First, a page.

According to a common view at that time, every living thing on land was thought to be similar in the ocean, that is, in water life. The most interesting of the sea creatures that were subject to these drawings were the sea bishop and the sea monk. These creatures, found on the shores of Germany and Denmark, had organs similar to the robes and hoods of the clergy. In 1855, the Danish zoologist Japetus Steenstrup stated that this famous sea bishop was actually a type of squid. While these creatures were a reflection of the imagination, they also took some limbs from real animals. Some of the features of these creatures that were the subject of fairy tales consisted of real sea creatures. Seeing the tentacles of a large octopus, the sailors completed the rest of the animal with their imagination. The most famous of these creatures was a sea creature called 'Kraken...'
Centuries ago, sailors often spoke of the Kraken, with its strong arms capsizing ships. Living in the waters between Norway and Iceland, the arms of the Kraken were also very long. There were stories telling us that the Kraken was 2.5 kilometers tall. The Kraken was a sea creature that normally lives at the bottom of the sea and attacks people very rarely. People were very scared when the Kraken surfaced. Because it was believed that when the Kraken came out of the sea and plunged back into the sea, the whirling waters occurred in the sea which led to sinking the ships. The fact that seafarers do not have scientific knowledge in explaining the metaphors occurring in the high seas shows that such a legend may have been born.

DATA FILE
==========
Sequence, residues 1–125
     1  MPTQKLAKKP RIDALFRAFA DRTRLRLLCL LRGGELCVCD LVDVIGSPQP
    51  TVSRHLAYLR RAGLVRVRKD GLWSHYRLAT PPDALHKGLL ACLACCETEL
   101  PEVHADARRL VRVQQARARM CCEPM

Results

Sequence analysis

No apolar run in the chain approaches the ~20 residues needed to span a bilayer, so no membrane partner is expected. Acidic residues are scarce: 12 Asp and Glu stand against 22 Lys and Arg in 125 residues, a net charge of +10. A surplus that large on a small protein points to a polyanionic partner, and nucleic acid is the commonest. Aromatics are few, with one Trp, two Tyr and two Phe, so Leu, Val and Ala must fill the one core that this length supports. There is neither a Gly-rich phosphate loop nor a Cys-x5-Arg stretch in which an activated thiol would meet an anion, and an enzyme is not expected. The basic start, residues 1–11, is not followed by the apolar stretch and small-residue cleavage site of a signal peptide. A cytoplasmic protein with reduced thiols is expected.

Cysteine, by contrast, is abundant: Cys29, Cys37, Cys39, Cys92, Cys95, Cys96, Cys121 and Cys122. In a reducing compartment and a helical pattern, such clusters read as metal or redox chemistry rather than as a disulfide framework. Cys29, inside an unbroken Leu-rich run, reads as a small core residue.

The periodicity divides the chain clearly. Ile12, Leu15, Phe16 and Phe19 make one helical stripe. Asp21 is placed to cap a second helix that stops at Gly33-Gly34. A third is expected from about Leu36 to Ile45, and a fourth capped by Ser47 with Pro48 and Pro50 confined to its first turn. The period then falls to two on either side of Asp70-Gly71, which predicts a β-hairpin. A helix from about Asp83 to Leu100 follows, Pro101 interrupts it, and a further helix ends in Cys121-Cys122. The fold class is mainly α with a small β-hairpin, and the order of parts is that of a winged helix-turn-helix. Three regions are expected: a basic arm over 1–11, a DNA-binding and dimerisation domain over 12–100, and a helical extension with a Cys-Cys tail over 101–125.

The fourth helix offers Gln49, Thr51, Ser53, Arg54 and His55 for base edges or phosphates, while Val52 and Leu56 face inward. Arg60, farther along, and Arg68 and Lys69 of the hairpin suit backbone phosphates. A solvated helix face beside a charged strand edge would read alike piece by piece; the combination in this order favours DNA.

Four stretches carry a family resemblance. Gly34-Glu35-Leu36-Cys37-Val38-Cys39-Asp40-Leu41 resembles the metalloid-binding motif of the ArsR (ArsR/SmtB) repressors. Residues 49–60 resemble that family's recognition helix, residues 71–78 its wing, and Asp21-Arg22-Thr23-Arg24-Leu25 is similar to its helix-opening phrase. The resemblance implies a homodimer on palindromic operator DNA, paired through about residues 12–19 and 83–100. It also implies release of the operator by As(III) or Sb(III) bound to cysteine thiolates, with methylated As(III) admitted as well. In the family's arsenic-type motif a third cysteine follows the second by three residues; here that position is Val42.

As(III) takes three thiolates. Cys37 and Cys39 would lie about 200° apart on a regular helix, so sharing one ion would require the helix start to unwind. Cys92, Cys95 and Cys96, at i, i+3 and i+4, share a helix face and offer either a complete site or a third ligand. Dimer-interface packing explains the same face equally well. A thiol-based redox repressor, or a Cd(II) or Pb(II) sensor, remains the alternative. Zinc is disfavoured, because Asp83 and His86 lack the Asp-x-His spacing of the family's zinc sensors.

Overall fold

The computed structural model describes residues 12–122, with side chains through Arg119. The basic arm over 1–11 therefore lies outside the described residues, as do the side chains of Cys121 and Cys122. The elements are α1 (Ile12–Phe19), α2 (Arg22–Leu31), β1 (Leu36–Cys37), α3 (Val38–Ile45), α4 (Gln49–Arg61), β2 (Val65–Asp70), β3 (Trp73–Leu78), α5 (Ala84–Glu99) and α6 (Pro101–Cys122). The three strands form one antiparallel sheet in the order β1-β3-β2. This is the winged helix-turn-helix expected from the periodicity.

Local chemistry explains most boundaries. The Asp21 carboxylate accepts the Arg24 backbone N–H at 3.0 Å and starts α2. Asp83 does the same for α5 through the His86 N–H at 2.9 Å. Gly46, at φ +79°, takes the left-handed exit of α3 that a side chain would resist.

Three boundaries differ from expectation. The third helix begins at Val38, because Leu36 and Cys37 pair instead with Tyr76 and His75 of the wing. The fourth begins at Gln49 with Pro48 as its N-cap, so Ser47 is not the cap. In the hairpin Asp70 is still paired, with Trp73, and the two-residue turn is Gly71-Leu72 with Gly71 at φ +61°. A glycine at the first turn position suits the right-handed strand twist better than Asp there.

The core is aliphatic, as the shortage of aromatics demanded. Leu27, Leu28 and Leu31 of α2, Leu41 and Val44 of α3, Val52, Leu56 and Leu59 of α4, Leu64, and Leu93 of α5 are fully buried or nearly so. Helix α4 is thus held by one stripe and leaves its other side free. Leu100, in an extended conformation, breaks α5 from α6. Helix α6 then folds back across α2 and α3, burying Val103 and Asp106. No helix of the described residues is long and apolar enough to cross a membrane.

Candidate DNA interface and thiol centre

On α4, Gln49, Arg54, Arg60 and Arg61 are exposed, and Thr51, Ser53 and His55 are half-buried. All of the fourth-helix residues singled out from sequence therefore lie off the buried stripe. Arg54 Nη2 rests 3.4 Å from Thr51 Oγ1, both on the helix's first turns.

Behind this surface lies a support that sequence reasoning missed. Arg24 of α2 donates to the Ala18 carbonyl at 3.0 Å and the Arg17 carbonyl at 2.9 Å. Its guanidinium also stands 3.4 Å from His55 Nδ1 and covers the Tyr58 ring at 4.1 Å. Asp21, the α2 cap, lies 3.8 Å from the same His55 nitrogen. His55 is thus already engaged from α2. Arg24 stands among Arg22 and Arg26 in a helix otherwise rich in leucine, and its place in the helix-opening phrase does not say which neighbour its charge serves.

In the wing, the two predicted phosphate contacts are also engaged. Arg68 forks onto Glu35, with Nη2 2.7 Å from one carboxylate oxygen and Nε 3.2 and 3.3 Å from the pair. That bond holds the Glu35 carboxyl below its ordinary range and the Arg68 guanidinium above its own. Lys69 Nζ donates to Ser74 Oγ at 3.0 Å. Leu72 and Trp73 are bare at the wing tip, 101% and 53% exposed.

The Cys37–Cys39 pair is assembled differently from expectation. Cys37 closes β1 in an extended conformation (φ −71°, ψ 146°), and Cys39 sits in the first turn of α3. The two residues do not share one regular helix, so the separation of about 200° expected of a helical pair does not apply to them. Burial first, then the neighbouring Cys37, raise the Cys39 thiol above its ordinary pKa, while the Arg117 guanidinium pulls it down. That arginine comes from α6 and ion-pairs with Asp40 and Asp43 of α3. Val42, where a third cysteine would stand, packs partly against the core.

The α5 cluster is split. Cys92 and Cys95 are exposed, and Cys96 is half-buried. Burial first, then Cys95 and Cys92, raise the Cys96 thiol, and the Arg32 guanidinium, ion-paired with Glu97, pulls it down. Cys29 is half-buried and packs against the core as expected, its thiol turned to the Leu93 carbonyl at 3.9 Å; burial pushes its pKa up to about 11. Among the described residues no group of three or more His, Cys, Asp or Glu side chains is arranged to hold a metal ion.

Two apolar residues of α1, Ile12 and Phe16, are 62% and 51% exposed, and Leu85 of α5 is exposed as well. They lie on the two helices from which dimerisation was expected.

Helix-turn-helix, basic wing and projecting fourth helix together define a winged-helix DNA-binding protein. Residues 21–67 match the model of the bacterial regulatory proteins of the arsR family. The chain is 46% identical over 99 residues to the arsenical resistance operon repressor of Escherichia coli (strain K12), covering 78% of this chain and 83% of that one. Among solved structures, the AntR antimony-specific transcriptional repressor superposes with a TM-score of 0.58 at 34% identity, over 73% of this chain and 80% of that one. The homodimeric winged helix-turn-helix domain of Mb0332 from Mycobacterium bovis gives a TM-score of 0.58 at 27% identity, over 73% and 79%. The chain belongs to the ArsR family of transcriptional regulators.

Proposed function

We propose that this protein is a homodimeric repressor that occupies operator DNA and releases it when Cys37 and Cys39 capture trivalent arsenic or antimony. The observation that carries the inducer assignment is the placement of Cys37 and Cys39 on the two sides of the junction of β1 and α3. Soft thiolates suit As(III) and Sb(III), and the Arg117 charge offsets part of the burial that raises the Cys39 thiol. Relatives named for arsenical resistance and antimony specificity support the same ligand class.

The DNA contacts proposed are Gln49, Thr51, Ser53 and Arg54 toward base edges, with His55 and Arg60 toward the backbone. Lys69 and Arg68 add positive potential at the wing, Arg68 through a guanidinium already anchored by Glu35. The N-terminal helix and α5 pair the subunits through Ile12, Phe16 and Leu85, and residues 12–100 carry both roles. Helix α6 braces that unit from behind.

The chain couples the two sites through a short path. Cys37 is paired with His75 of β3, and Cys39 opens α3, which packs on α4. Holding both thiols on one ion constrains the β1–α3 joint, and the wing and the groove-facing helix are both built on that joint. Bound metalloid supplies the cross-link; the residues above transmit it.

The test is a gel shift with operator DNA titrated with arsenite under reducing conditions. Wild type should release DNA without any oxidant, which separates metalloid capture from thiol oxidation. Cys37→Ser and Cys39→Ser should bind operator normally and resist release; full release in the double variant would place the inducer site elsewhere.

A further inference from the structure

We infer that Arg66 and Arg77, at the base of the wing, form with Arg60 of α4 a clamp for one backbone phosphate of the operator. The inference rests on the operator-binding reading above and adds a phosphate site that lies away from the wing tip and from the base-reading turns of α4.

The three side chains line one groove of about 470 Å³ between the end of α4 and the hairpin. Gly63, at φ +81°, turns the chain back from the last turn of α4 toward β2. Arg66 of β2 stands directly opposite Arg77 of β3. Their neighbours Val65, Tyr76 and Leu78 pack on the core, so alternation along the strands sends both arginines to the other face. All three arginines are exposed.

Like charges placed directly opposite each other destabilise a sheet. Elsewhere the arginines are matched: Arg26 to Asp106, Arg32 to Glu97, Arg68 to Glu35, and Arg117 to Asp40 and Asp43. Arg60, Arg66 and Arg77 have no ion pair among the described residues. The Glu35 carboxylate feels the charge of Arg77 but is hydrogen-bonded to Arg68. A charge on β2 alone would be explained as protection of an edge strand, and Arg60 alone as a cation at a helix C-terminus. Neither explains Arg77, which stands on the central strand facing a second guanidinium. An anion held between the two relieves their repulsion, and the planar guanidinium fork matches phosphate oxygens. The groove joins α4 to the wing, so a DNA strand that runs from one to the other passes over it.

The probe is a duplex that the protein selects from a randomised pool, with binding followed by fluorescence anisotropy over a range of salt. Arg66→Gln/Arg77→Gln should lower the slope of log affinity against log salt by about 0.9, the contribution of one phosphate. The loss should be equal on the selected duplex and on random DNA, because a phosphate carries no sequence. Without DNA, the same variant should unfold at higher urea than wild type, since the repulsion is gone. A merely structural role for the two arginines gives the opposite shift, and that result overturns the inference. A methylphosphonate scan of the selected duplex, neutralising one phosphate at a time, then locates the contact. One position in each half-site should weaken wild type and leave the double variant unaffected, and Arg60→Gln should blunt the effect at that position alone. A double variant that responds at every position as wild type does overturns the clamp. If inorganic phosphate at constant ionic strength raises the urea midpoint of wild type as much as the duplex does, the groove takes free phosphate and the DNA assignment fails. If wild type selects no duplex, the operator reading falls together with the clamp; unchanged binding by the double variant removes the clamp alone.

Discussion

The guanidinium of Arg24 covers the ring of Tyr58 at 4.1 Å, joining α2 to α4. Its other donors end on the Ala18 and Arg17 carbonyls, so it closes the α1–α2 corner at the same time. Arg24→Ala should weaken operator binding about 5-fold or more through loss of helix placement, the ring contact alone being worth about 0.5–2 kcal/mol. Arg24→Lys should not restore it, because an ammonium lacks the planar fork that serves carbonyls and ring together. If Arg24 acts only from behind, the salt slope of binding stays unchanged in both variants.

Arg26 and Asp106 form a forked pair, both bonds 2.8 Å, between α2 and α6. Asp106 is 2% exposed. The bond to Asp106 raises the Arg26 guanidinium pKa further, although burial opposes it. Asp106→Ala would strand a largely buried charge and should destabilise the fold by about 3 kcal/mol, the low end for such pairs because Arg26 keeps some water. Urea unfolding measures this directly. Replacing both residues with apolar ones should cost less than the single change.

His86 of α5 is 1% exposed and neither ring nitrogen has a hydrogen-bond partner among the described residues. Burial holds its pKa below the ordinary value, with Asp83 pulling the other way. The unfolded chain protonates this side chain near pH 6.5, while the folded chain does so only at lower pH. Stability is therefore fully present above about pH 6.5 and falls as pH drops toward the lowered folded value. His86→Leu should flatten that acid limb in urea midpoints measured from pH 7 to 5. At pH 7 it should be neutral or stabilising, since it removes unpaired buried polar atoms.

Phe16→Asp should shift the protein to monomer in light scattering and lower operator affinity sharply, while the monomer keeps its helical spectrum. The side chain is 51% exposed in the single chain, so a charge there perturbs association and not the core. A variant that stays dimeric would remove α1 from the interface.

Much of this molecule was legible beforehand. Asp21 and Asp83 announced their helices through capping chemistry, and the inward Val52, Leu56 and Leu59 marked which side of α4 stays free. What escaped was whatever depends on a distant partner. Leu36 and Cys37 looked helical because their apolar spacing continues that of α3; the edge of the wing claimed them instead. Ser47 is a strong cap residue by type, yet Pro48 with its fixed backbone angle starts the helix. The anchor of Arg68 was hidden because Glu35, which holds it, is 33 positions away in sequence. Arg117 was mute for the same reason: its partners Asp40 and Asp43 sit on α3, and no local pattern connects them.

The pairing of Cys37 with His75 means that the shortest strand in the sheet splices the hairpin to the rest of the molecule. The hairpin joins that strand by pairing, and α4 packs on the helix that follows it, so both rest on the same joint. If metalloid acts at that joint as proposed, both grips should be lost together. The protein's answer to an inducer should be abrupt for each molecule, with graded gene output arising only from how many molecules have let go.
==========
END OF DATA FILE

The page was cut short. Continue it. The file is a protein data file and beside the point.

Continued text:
Sea snakes are another important creature that comes to the fore among the sea creatures. The Norwegian missionary Hans Egede, who later became the Bishop of Greenland, said that the snake's tail was longer than the length of a ship, even when he spoke of a sea snake in the distance from Greenland. These enigmatic creatures are thought to be giant rowing fish with their length up to 11 meters. The upper part of this species has red spines as shown in the drawings. Even though there were no deep submarine dives at that time, how did these legends come about? According to the estimation, the reason for these drawings is that the marine animals found dead on the surface of the water are seen by the sailors and perceived differently.
Sea creatures seen until the beginning of the 20th century are as follows:
Lusca: It is thought to be bigger than the known giant octopuses. Among the claims seen in the Caribbean off the coast of Andross. The remains of this mysterious creature reached the shores of the Bahamas in 2011.
Stronsay Monster: After the storm that occurred in 1808, the monster hit the shore, according to the statements of the sighters was around 17 meters. It was allegedly seen on Stronsay Island, Scotland.
St. Augustine Monster: What was a rotting object that hit the shore in 1896 and which creature it belongs to could not be identified. He hit the shore on the Florida coast.
Trunko: This monster, seen in South Africa in 1924, is 14 meters tall. It resembles a polar bear. The elephant has a hose, such as a hose, and a tail that looks like a lobster.
These remnants extracted from seas and oceans are made up of rotting remains of creatures such as sharks, dolphins, and whales rather than mythological creatures. Since these were covered with moss, it could not be understood. Most of the remains were found to belong to a rotten whale. This intense interest in the mythological sea creatures has also triggered some swindlers. Fake mermaid models or skeletons were sold at very high prices in Europe and America. Almost a new market has occurred. Underwater secrets, which have been keeping their mystery for thousands of years with the new underwater equipment and technologies developing since the 1950s, have finally reached a solution. All legends are explained by scientific explanations.